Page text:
Biden is heading to Europe for his first time as president. What's on his agenda, and what to expect


WASHINGTON – Joe Biden embarks Wednesday on his first foreign trip as president, an eight-day swing across Europe that will give him a chance to shore up frayed alliances with U.S. allies and meet face to face with Russian President Vladimir Putin amid rising tensions with Moscow.

He’ll also get to enjoy one of the perks of the presidency: a visit with Queen Elizabeth II.

Biden, who has been on the world stage for nearly five decades as senator, vice president and now president, has hosted the leaders of Japan and South Korea at the White House since taking office Jan. 20 but held off on traveling abroad because of concerns about the coronavirus pandemic.

The pandemic is still entrenched in much of the world, but Biden will arrive in the United Kingdom as the European Union reopens its borders to vaccinated tourists, including Americans.

Biden to confer with Europe allies, confront Putin

Joe Biden is heading to Europe for his first international trip as president to strategize with G7 democracies and other NATO allies before confronting Russian President Vladimir Putin about global issues during a meeting in Geneva. (June 7)

AP

The focal point of Biden’s visit will be the Group of Seven summit, or G-7, which opens Friday in Carbis Bay, a seaside resort in Cornwall in southwest England. The summit is the first gathering of leaders of the world’s largest economies in nearly two years and the first of the post-Donald Trump era. Trump feuded with several of the group’s leaders during his presidency, and Biden sees the summit as a chance to heal those scars.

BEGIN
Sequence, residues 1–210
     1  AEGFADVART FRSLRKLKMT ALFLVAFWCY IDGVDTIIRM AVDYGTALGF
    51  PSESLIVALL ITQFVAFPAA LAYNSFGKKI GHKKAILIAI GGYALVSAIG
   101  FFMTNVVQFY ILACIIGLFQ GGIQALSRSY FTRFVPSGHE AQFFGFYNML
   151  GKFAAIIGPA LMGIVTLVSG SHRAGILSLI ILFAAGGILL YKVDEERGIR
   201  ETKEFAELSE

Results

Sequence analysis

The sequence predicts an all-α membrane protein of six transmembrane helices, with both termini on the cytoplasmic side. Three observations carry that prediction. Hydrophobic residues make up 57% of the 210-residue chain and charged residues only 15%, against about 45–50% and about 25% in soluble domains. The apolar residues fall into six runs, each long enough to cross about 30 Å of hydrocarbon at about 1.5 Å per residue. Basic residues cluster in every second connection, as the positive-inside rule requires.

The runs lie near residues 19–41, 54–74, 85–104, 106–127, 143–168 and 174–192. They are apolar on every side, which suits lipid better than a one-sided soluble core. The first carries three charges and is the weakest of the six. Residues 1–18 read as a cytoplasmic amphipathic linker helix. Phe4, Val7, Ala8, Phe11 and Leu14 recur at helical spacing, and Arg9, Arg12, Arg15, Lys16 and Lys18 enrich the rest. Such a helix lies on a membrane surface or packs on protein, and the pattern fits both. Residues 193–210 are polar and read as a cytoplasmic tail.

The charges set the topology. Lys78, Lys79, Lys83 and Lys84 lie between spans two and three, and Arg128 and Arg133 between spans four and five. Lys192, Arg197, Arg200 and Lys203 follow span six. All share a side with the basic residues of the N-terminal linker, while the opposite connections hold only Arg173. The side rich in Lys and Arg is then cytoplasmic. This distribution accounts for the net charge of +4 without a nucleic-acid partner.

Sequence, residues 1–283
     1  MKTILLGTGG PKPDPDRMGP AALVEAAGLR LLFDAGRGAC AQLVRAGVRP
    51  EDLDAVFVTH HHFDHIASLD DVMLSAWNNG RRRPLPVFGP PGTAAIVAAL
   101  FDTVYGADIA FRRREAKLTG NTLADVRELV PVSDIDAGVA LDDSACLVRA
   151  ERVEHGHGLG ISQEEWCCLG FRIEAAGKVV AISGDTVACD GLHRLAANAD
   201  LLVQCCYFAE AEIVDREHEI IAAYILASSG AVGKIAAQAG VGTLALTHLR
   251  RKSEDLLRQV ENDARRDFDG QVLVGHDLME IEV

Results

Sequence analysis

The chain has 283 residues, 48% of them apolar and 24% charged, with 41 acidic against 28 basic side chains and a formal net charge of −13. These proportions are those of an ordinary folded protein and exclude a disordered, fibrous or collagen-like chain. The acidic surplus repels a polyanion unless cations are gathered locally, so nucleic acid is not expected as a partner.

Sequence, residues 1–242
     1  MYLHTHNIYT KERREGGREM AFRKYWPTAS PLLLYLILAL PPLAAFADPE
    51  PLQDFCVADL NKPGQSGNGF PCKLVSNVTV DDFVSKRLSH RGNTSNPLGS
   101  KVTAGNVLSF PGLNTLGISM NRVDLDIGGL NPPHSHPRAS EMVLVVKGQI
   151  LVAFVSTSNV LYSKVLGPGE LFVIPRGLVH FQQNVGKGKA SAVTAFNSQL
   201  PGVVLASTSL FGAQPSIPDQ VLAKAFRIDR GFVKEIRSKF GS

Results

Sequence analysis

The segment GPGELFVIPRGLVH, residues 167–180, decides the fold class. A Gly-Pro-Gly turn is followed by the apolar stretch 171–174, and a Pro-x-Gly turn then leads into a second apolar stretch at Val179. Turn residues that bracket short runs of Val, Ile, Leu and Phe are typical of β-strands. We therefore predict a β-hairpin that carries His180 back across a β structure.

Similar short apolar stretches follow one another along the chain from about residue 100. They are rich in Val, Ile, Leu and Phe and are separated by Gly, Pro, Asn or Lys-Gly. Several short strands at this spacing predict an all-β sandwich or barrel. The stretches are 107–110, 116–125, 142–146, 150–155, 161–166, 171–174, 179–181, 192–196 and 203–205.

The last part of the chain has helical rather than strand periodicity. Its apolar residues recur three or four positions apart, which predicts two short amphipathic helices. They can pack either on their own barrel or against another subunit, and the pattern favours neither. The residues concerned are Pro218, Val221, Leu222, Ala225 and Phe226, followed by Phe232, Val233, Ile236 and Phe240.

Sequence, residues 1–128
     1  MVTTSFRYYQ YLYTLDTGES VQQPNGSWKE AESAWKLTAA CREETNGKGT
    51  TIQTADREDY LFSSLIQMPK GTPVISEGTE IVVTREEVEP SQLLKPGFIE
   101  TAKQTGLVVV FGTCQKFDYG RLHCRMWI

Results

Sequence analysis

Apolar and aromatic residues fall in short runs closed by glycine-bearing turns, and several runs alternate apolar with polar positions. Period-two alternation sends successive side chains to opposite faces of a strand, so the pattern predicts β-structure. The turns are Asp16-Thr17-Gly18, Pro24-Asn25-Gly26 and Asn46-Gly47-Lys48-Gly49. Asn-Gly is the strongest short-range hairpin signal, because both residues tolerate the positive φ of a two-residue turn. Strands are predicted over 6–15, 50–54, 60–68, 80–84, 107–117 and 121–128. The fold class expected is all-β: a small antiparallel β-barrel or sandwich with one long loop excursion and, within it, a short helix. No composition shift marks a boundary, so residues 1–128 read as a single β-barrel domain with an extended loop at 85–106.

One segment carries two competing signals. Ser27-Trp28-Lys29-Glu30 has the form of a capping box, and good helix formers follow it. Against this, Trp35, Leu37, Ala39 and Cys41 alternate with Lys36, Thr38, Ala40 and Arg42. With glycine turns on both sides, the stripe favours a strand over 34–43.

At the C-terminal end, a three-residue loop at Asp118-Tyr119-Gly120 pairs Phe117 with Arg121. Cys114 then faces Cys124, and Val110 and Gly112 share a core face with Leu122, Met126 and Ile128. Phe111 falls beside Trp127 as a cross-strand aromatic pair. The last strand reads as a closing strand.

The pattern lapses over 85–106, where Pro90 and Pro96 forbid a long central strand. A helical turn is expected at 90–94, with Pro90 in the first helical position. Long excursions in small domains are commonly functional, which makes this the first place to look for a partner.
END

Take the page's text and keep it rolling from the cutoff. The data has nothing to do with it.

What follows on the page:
“In this moment of global uncertainty, as the world still grapples with a once-in-a-century pandemic, this trip is about realizing America’s renewed commitment to our allies and partners, and demonstrating the capacity of democracies to both meet the challenges and deter the threats of this new age,” Biden wrote last week in an op-ed published in The Washington Post.

Asked what Biden is doing to prepare for the trip, White House press secretary Jen Psaki pointed to Biden’s long political career.

“He’s been getting ready for 50 years,” Psaki said Tuesday. “He has been on the world stage. He’s known a number of these leaders for decades, including President Putin and including a number of the leaders he’ll see at NATO and he’ll see at the G-7. Now this is an important opportunity for him to see them in person, and there’s nothing like face-to-face engagement in diplomacy.”

Here’s a closer look at what’s on Biden’s schedule:

Biden, meet Boris

Thursday: Biden will meet with Prime Minister Boris Johnson in a meeting the White House hopes will provide a chance to “affirm the special relationship between our two nations.”

Before Biden heads to the G-7, he will meet with British Prime Minister Boris Johnson, a personality who is often seen as a kindred spirit with Trump.

Biden spoke with Johnson for the first time as president three days after taking office. The White House said Biden conveyed his intention “to strengthen the special relationship between our countries and revitalize trans-Atlantic ties.”

Biden used similar language in his op-ed, writing that the Johnson will provide a chance to “affirm the special relationship between our two nations.”

A profile published Monday in The Atlantic said Johnson doesn’t like the term “special relationship” and thinks it sounds “needy and weak,” which could add an element of tension as the two leaders mull issues such as the U.K.’s withdrawal from the European Union, or Brexit.

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